Glass House Mountains


Buckleys Hole - Bribie Island

Buckleys Hole is a shallow, ponded wetland sitting just behind the beach along the south western shore of Bribie Island. It’s probably best known as an important site for wading shore birds, including migratory species, but the reed beds and surrounding woodlands are also home to a range of other native animals including rare birds and frogs. The 88 hectare Buckleys Hole Conservation Park protects the natural values of this fragile little ecosystem, and provides visitors with an opportunity to view the bird life from a public bird hide or take a walk around the northern edge of the pond to the beach.

I wanted to get to the south-western corner of the pond so I could photograph across the water towards the rising sun. This meant a short walk along the beach from the car park, and then a scramble over the low dunes towards the lake edge. Sounds easy, but the tangled mass of head-high rushes and weeds around the lake make it anything but, and the craftily spun and well hidden spider webs among the reeds only add to the discomfort.

So sporting scratches on my bare arms and strands of web all over my face, I finally made it to the last line of reeds – of course the reeds grow right out into the water so I was already up to my knees in soft mud and water. The sky was already starting to glow red as I pushed my tripod legs down into the mud and framed the first image (below).

There’s no easy way of making your way around the edge of the pond unless you’re prepared to get wet up to your armpits (which I wasn’t), so I tried to find interesting compositions where I was. I managed to edge out into the water a little further so I could use some lily pads as foreground interest while the sky was still glowing red (below) - but then the colour quickly faded as the rising sun burnt out the highlights in the sky and made it difficult to get a good exposure from where I was standing.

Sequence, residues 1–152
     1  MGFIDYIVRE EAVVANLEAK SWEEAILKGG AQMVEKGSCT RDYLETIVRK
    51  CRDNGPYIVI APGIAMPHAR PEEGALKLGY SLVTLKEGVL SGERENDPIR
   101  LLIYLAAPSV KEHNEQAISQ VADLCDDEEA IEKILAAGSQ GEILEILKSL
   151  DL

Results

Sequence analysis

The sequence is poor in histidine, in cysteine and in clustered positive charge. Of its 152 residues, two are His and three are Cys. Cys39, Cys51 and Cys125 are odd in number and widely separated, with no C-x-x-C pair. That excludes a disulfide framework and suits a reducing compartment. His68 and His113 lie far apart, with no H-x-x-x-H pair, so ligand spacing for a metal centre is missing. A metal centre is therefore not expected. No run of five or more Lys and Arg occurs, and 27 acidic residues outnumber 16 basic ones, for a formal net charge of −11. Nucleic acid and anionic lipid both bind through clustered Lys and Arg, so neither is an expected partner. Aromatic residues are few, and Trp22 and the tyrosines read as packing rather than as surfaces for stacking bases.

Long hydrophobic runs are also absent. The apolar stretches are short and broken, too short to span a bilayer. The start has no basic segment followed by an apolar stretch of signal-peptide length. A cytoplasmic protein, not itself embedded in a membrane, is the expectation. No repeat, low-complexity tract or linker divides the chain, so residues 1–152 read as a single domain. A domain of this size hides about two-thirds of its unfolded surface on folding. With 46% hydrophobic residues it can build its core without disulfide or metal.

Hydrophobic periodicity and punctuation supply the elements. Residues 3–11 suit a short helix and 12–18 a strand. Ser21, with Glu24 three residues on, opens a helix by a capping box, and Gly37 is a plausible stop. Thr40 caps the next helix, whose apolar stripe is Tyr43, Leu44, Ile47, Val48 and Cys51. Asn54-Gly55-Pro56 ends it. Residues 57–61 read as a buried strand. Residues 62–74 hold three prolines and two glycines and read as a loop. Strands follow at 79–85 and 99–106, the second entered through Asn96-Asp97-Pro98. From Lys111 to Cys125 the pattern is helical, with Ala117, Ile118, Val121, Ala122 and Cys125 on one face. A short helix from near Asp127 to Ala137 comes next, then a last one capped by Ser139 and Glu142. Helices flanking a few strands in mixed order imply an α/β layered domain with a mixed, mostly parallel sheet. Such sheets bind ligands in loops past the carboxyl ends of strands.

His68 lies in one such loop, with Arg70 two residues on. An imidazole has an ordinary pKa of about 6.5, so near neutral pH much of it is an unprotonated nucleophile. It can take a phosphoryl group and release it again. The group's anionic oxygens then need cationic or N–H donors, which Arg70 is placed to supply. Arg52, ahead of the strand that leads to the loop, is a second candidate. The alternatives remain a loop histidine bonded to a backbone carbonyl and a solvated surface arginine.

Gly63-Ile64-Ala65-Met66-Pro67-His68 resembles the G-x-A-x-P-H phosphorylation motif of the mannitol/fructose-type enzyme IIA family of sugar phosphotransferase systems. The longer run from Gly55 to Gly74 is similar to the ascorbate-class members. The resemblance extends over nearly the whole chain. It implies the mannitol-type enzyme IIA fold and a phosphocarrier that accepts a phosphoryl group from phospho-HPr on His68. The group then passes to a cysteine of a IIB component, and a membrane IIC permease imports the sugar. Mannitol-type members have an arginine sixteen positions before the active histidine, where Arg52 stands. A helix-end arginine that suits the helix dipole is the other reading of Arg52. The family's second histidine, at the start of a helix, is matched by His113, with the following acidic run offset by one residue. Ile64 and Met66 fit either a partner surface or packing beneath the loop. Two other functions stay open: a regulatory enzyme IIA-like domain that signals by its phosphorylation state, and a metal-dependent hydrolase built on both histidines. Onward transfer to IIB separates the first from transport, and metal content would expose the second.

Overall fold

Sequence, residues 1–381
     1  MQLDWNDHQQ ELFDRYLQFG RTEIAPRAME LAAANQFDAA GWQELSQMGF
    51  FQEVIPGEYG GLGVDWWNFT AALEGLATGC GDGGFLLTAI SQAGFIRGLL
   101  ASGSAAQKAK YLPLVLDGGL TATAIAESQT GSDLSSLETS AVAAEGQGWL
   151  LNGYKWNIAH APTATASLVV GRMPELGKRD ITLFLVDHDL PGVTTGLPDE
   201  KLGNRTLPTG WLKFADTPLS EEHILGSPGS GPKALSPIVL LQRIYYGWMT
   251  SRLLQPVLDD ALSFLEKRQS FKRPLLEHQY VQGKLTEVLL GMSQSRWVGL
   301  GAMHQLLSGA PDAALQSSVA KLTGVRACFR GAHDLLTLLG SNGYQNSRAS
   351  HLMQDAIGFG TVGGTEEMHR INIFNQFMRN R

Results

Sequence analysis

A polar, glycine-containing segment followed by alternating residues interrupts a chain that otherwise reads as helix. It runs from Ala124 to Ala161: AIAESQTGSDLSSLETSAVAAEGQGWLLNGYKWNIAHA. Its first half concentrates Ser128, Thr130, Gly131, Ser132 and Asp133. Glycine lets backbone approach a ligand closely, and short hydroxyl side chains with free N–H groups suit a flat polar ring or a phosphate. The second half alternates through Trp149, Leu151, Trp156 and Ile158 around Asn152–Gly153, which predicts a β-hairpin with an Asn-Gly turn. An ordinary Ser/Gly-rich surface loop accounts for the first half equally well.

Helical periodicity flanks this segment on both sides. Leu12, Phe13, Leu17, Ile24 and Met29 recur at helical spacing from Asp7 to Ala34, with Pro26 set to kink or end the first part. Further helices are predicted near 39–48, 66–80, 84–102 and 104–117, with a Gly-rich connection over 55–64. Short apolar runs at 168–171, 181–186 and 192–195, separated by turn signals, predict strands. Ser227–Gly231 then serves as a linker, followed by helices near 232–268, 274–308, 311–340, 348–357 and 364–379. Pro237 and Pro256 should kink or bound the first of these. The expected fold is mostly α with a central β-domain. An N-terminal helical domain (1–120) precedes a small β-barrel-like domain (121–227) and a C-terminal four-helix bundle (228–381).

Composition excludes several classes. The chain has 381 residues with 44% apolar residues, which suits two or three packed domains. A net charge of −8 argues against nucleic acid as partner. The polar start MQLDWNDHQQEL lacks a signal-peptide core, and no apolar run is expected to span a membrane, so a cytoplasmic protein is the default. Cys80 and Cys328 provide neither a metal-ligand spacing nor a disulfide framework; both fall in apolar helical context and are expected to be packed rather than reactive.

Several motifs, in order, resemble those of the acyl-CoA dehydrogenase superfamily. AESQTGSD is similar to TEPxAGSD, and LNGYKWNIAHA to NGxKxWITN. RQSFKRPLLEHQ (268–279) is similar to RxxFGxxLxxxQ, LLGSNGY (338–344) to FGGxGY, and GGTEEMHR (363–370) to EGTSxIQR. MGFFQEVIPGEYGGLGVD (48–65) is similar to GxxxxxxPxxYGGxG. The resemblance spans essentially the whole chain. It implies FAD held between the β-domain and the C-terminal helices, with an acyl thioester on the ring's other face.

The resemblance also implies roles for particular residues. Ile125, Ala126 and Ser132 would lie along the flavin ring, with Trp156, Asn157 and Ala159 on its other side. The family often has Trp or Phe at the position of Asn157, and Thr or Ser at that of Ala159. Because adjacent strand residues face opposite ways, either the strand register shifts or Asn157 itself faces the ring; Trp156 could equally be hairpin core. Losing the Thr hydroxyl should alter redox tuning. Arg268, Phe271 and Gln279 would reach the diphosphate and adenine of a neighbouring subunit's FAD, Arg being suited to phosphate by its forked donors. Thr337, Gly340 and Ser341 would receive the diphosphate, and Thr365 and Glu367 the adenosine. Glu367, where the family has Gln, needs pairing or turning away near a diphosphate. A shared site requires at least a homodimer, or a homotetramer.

Back on the beach, I spent half an hour or so looking for patterns in the sand and water while the sun was still low in the sky. This is a great time of day to photograph these patterns when the low angle of the light accentuates even the most subtle of patterns, and the golden glow of a morning sky provides a lovely backdrop.

By 6am the best of the light had passed and I headed back to the car.

Mount Tibrogargan

The Glass House Mountains have been photographed thousands of times so it can be hard to come up with a new and original perspective. I found this view of Mount Tibrogargan on a dirt road between pineapple farms a few weeks back and thought it might make for some worthwhile images early in the morning with the rising sun hitting the rock face. I arrived at my chosen spot at 4:30am and set up my tripod right on the corner of the pineapple field - there would have been some good alternative views if I'd wandered through the pineapple field, but I wasn't about to do that without talking to the the farmer first - maybe next time. A few puffy clouds added some interest to the sky, and the soft light of early morning brought out the contrasting colours of pineapple fields at different stages of maturity.

The first image below was taken at 4:31am, around 15 minutes before sunrise. I needed a 30 second exposure at f16 and ISO200 to light the pineapple plants in the foreground - the long exposure also allowed just a little movement in the clouds to give that slightly streaky look.

Once the sun started to come up I added a polarising filter to darken the blue in the sky and help the clouds to stand out.  

The low angle of the sun caught the face of Tibrogargan well before it lit the surrounding landscape. The image below was taken at 5:16am with a 70-200mm zoom set at 70mm and a polarising filter attached.

2011 Newsletters

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